A GOOD LAND
Rabbi David Walk
When people thought about Israel over the ages there was a great divide between the mental images (Jordan's river is deep and wide, hallelujah) and the reality (It's basically a trickle.). Most of the accounts of pilgrims over the centuries described great disappointment in the actuality of the facts on the ground. The Holy Land tended to be a bit run down for most of the last two thousand years. Of course the most famous description came from the celebrated skeptic, Mark Twain: A desolate country whose soil is rich enough, but is given over wholly to weeds… a silent mournful expanse…. a desolation…. we never saw a human being on the whole route…. hardly a tree or shrub anywhere. Even the olive tree and the cactus, those fast friends of a worthless soil, had almost deserted the country (Innocents Abroad, 1867). Of course the cactus he describes, the famous Sabra plant, was also a new immigrant from America by way of Spain. We Jews, of course, are certain that the health and well being of the land of Israel is dependant upon the presence of Jews. Since we were mostly absent for millennia, the land suffered, with our return the land again blooms. I think that this love affair is a bit more complicated, because sometimes the land actually disgorges us from its maw (Leviticus 18:25). What's the critical factor for this symbiotic relationship to flourish?
In our parsha, Moshe is preparing the Jews for entry into the Land of Israel. He compares the land to both the desert from which they are emerging and to the land of Egypt where they had spent the previous centuries. The curious thing is that each comparison seems to be presented twice. The first time Moshe makes it sound like Egypt is horrible: And the Lord will remove from you all illness, and all of the evil diseases of Egypt which you knew (Deuteronomy 7:15). However, later on he makes it sound like Egypt is fabulous, far superior to Israel: For the land to which you are coming to possess is not like the land of Egypt, out of which you came, where you sowed your seed and which you watered by foot, like a vegetable garden (11:10). If you think that's strange, later on it seems that Moshe does the same in his comparison to the desert. First he makes the desert sound appealing: God then fed you with manna, which you did not know, nor did your forefathers know…Your clothing did not wear out upon you, nor did your foot swell these forty years (8:4-5). There was both room and concierge service. And, of course, later he says the more expected description of the horrible nature of the desert: Who led you through that great and awesome desert, in which there were snakes, vipers and scorpions, and drought, where there was no water (8:15).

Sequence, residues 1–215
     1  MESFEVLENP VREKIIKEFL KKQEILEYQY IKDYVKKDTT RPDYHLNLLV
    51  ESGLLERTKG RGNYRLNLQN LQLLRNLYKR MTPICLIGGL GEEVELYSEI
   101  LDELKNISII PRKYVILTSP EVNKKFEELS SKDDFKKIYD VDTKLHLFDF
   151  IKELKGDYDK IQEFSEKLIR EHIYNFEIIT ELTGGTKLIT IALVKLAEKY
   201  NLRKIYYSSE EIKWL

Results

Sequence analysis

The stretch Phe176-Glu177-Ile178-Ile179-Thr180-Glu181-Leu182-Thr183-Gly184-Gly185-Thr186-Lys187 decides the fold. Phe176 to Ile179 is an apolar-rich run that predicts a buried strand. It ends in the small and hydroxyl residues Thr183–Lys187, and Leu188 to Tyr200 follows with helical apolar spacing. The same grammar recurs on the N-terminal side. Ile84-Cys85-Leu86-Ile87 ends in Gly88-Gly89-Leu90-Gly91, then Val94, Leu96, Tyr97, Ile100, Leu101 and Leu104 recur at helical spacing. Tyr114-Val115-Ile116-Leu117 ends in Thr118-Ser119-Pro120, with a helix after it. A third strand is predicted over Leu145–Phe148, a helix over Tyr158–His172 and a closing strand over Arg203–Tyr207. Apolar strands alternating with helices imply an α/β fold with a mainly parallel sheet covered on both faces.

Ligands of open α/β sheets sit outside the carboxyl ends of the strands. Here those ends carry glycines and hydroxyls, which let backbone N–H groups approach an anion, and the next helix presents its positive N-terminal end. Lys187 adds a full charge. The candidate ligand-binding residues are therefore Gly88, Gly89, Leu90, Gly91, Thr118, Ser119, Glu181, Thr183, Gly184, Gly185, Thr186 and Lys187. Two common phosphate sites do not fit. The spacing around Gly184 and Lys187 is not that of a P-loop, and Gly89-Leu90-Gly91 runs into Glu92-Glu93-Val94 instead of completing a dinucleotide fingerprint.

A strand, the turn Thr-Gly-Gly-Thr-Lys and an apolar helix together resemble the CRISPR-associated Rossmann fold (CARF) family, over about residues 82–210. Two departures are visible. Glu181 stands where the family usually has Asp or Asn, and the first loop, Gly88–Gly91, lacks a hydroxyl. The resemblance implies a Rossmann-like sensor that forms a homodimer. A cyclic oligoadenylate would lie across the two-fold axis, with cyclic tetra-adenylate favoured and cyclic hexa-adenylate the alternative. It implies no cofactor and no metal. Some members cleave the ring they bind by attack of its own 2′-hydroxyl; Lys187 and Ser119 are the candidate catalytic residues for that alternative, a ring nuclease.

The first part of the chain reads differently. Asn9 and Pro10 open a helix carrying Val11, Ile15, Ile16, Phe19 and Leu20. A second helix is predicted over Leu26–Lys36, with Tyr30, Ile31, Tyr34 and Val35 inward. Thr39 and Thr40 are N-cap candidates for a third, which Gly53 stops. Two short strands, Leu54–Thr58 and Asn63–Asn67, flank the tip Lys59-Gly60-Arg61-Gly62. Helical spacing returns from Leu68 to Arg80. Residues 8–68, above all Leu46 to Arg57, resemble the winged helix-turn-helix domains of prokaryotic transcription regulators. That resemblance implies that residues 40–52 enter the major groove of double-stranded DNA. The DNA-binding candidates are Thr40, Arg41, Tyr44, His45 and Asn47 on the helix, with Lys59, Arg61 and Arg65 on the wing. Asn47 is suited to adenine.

Water, on the other hand, is described as plentiful in Israel. There is surface water, mountain springs and abundant ground water in the aquifer (tehom). Sadly, that apparently defies the facts on the ground. Perhaps we can apply the well known metaphor that there is no water other than Torah. The Torah of Israel flows from copious sources which run from superficial information to profound erudition. And this begins the search for meaning in the evaluation of Israel as opposed to other lands. The love affair with Israel isn't based on the objective superiority of the land, but upon the spiritual values which the land imbues.
I believe that there are two such principles which Israel instills upon its inhabitants. The first is reliance on God. The annual cycle of rainy seasons and dry months permeates the psyche of the dwellers with constant appeal to the Almighty for rain in its proper times. This is reflected in our prayers. We adjust our daily praise and requests from God to fit the seasonal requirements of the Land of Israel. In the diaspora as well we maintain the seasonal liturgical changes of Israel, even if we live in the southern hemisphere. Also, two of the most solemn and moving services of the year are for rain and dew. At all costs we must remember that success in Israel needs Divine support so that we never proclaim: My strength and the might of my hand has accumulated this wealth for me (8:17).
The other principle is a bit more subtle. Living in the Holy Land continues to tutor us on the idea that: Humanity does not live by bread alone, rather by the word of God (8:3). Rebbe Nachman of Breslov makes the following observation: Why doesn't God give us our livelihood immediately upon our asking for it? Why must we labor so hard and then wait for efforts to bear fruit? Because we must be connected to nature as well as to God, and we live within a natural context. In other words we must be mature and sophisticated enough to recognize two simultaneous realities. We are both physical beings who must work and eat to survive like all other denizens of planet earth. But we are also spiritual beings who must recognize the finger of God in all of these endeavors. Don't get obsessed with your farming or whatever profession, but also don't lose connection to the natural order of our world.
It's a fine line which we must tread, and that effort is best accomplished in the Land of Israel. That's why the Torah promises us this week that "it is a land which the Lord your G-d looks after, on which the Lord your G-d always keeps His eye, from year's beginning to year's end" (11:12). The Holy Land is always perched upon that sharp edge between humanity's effort and God's grace. Israel is good because it continually challenges us to see the dichotomy. Life is a balancing act, and equilibrium is best achieved in Israel. Maintain that harmony between the natural and the Divine, my friend.
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